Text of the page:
Stone tools to skeletons: how to uncover an ancient object's age
In his latest explainer, Jake Port explores a few of the techniques in an archaeologist and palaeontologist's toolkit to date samples from thousands to billions of years old.
When a piece of bone, spearhead or rock is dug from the ground, a long process begins to work out where it came from and how it got there.
An important part of this investigation is determining the age of the specimen, for which there is a wide array of dating methods available.
If you want to know the precise age of something, absolute dating techniques are the only option. They work by analysing the activity of elements and their decay over time.
An element is defined by the number of protons in an atom’s nucleus. Neutrons can also be added or removed from the nucleus; these change the mass of the atom and produce different isotopes.
This neutron addition or subtraction can also make the isotope unstable. If this is the case, a proton or a neutron can be released as the atom rearranges itself into a more stable isotope.
This produces radiation and is particularly prominent with larger atoms that are easily able to fall apart spontaneously, leading to new elements or a lighter form of the original element.
The time it takes for half of the atoms of an element in a sample to decay is known has its half-life. Depending on the isotope, this can range from milliseconds to billions of years. But the rate is constant, so as long as the original isotope is not replenished, the ratio of isotopes in a sample can tell you its age.
Carbon-14, an isotope of the common carbon-12, has a half-life of around 5,730 years.
It’s found throughout the food chain – it’s taken up by plants for photosynthesis, then eaten by herbivores which are, in turn, eaten by carnivores – so is usually used to date samples which were once alive, from woolly mammoths to Egyptian mummies.
The more carbon-14, the younger the specimen, while a higher proportion of carbon-12 indicates an older specimen.
It starts to fail for objects around 50,000 years old, because by then 99.8% carbon-14 will have decayed with the remaining fraction too small to reliably detect. But other isotopes with a longer half-life can be used.
Moving into 100,000-year timescales and beyond, argon and potassium are often used to uncover the age of ancient bones and geological formations.
Potassium-40 is an isotope with a half-life of 1.28 billion years that decays into argon-40.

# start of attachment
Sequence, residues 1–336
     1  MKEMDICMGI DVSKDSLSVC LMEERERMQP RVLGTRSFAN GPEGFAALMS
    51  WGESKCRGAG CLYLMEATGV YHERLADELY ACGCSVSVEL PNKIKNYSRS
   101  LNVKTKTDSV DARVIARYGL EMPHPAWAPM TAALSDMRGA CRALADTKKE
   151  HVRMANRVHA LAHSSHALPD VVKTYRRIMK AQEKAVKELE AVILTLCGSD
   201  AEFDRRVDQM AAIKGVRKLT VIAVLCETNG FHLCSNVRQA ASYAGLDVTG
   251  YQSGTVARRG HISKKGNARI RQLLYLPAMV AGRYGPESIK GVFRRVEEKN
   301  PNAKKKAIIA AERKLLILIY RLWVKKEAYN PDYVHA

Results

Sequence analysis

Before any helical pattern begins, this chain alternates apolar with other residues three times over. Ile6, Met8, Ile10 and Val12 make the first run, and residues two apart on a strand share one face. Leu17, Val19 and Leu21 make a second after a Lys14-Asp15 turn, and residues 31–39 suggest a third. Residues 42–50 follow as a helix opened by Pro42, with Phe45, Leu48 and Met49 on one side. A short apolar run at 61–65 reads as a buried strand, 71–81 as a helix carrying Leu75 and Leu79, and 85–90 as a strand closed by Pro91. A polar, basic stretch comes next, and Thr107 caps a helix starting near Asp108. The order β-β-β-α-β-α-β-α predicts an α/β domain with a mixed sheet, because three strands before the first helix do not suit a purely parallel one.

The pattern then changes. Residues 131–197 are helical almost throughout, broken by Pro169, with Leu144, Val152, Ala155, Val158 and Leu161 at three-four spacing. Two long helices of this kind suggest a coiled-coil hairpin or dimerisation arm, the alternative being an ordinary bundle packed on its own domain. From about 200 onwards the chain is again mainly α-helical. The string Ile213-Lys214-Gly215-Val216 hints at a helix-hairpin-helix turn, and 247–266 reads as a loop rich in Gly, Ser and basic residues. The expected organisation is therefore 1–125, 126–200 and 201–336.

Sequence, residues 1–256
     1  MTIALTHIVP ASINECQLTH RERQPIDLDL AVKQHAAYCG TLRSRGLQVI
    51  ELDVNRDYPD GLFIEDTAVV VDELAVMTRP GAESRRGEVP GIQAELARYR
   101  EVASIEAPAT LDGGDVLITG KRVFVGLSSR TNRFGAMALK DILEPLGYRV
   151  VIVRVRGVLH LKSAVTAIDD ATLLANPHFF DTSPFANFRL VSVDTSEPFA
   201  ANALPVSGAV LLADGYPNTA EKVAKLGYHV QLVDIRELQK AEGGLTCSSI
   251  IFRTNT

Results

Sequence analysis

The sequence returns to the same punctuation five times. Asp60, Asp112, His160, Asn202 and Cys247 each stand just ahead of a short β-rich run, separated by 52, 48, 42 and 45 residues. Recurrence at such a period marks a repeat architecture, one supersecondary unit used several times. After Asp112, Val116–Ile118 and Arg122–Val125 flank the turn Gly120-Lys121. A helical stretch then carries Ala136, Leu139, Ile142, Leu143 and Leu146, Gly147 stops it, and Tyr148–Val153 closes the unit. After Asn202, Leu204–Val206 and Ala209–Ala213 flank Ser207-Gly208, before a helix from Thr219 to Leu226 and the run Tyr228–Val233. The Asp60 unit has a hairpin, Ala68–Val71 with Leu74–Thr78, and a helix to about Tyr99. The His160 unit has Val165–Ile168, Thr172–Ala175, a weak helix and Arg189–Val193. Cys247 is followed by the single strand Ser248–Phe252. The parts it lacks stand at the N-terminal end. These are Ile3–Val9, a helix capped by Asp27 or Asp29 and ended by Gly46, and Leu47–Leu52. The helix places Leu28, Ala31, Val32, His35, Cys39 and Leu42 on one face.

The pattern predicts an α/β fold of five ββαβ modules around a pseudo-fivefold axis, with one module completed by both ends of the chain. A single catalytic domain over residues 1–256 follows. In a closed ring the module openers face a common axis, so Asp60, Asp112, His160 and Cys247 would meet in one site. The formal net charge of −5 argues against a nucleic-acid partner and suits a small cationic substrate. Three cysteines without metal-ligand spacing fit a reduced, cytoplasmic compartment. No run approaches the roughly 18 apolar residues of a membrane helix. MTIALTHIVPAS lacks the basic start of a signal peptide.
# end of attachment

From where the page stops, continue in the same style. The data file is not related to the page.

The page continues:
Traditionally scientists compared the ratio of argon and potassium but samples had to be split to measure each, increasing the chance of an error.
So, using a nuclear reactor, a proton is knocked out of stable potassium-39 atoms, turning them into radioactive argon-39. Then the argon-40/ argon-39 ratio is measured from the one sample.
Other isotope combinations used in dating include samarium-neodymium, rubidium-strontium and uranium-lead.
Where isotope analysis is not suitable, scientists can also use optically stimulated luminescence dating. This technique measures when the sediments surrounding the specimen were last exposed to light.
A laser is used to detect energy released from a slight electrical charge accumulated in a crystal, formed as thousands of years of local radiation knocked electrons in the crystal out of place.
For samples billions of years old, fission tracks can be analysed. These are microscopic formations often found within extremely hardy zircon minerals, created by the spontaneous decay of uranium-238 – the same material found in nuclear reactors.
When the uranium decays it shoots off particles that punch a hole of sorts in the zircon and leave a small trail.
These are preserved in the mineral and can be seen through a high-power optical microscope. The density of these marks provides an estimate of the sample’s age.
This type of dating works on the principle that an object’s age can be determined by analysing the surrounding geology.
These processes are not super precise but act as an easy first-line dating method that can later be confirmed by absolute methods.
Stratigraphy relies on the fact that below you are multitudes of geological layers, each made from different rock types that tell a detailed story of the history of the region.
If the age of the layers above and below a rock layer are known, it’s possible to “relatively” date the rock. Any formations and fossils found within the middle layer are then, in theory, is younger than the layer below and older than the layer above.
Biostratigraphy takes this one step further, analysing the fossils found within each layer.
If a particular fossil found in a rock layer comes from a known period, it can give an indication of the age of the rock layer and other fossils found nearby. These fossils are known as “index fossils” and include trilobites and ammonites.
Looking at the type of rock or organisms found within a formation is not the only way a relative age can be deduced. The earth’s magnetic field is also used in palaeomagnetic stratigraphy.
Iron is commonly found in geological formations. As hot rock pours onto the Earth’s surface or underwater, iron minerals align with the Earth’s magnetic field at the time. They lock in place as the rock cools.
According to NASA, the Earth’s magnetic field has reversed on average once every 250,000 years over the past 20 million years. Comparing data on known alignments from other sites with newly found formations can give an indication of a rock’s age.